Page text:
What can you do in 13 minutes? Just 780 seconds. A short workout, perhaps?
Not a lot I’m guessing. You can hardly watch a show in 13 minutes, you probably can’t cook dinner, some of us would barely be able to load a washing machine in that amount of time.
However, new research has arrived that has said a 13 minute resistance workout can result in you building and generating great load of strength. (Ok, truth be told, you might have to do it more than once).
New research in exercise
Researchers at CUNY Lehman College and other institutions set out to determine the impact various set and repetition combos would have on strength, endurance and hypertrophy.
The researchers divided the men in to three groups and had them all perform and exercise routine including 8-12 reps of just seven upper and lower body exercises. One group performed five sets of each exercise with 90 seconds rest – a high volume approach that had them in the gym for over an hour. Their second group, the medium volume done three sets of each exercise, taking 40 minutes to complete. Finally, the low volume group performed just one set of each exercise – doing a short workout and getting them out the gym in around 13 minutes.
Each group done this three times per week for eight weeks and, not surprisingly, all three groups got stronger and improved their muscular endurance.
However, the big surprise was that there were no significant difference among the groups in strength and endurance gains. The quick in-and-out lifters had the same improvements in strength as those who spent five times as long in the gym.
What was the big difference – those who spent longer in the gym got “thicker”. Those lifting for over an hour saw bigger muscular size gains. The more sets the bigger muscles, but strength was similar.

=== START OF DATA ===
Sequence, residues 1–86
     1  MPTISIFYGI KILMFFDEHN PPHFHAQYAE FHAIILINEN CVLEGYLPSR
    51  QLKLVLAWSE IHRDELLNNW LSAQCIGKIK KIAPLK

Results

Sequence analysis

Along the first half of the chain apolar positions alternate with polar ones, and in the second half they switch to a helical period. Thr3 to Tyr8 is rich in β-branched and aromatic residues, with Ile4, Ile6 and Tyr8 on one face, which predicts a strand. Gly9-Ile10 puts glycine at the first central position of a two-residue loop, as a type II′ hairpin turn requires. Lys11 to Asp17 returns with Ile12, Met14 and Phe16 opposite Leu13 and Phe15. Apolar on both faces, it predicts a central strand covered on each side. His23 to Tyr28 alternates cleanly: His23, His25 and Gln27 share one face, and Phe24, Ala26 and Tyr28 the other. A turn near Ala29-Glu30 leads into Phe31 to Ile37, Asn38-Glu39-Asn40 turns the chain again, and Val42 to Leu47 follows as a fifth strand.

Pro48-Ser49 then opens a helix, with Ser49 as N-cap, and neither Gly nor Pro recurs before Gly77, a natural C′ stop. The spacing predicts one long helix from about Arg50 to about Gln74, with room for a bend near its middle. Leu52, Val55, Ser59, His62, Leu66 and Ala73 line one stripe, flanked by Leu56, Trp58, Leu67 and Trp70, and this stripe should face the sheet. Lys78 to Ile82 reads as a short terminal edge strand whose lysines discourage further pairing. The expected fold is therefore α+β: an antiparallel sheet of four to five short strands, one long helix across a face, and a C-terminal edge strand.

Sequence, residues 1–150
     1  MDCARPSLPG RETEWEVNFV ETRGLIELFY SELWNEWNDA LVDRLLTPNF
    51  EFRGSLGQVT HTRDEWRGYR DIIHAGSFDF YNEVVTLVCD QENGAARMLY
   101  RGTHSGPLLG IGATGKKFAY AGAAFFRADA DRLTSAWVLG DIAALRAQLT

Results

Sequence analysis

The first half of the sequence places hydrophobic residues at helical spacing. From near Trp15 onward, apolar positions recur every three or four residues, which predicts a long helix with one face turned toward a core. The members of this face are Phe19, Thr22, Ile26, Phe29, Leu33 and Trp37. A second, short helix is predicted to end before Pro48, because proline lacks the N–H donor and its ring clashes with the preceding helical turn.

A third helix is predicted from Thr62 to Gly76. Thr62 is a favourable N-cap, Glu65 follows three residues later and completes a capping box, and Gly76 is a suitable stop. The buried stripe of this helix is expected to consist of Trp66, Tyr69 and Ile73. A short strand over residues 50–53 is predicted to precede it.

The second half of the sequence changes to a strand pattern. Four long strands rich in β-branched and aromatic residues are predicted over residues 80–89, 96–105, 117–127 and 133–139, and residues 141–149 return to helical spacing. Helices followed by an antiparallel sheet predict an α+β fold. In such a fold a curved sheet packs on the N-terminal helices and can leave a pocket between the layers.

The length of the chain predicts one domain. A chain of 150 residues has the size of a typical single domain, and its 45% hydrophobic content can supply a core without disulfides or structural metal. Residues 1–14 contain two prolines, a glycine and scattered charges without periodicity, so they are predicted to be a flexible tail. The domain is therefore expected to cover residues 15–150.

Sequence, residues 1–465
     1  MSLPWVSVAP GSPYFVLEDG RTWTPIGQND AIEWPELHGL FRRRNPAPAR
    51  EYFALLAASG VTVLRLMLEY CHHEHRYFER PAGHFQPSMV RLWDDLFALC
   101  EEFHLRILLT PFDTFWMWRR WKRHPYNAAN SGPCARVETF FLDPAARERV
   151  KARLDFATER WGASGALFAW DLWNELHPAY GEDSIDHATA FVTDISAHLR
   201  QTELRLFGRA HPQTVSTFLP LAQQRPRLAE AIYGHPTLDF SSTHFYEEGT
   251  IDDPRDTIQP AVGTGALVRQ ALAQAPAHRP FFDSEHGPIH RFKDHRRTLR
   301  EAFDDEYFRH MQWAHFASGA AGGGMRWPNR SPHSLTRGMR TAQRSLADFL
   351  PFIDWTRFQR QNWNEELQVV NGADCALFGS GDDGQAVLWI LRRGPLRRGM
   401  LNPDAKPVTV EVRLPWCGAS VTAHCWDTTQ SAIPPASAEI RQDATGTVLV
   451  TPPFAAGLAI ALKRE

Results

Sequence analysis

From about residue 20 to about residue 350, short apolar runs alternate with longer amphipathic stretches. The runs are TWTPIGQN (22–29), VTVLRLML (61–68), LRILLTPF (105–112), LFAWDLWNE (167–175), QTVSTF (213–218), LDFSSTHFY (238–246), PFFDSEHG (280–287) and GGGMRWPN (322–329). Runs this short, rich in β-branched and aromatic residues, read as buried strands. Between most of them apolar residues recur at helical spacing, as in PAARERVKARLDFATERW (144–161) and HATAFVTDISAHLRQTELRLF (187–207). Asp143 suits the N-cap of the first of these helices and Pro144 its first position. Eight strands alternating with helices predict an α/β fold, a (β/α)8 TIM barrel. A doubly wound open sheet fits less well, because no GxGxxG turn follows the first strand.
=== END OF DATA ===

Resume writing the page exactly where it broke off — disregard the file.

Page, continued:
Summary of workout groups:
High volume – Five sets of 8-12 reps – took about an hour
Medium Volume – Three sets of 8-12 reps – took about 40 minutes
Low Volume – One set of 8-12 reps – took about 13 minutes
Each group performed the same seven exercises, each group rested 90 seconds between exercises.
What can you take from this?
– Long distance runner, biker, or endurance athlete? You can make strength and endurance gains without having to add lots of muscle weight with a short workout.
– If you’re trying to lift your kids, you don’t have to spend hours in the gym to get stronger (admittedly, 13 minutes is a very short workout but it gives you a start point).
– In short, if you want strength gains, lift heavy weights.
It remains that the study did not take in to account food intake (science, just wants to change one factor at a time to test the difference on that factor alone) so we expect that the food intake was thought out beforehand as well (in order that none of the groups were restricted). However, it goes without saying, lifting heavy weights, increases your strength – even if you only do it for 13 minutes.
We usually take clients individual circumstances in to account when thinking about macro breakdown. We would normally recommend a healthy adult would have a protein intake of at least 1 gram per pound of bodyweight – carbs and fats might be broken up differently depending on your lifestyle, job, activity levels etc. Our FREE TRIAL might help which helps you calculate your TDEE.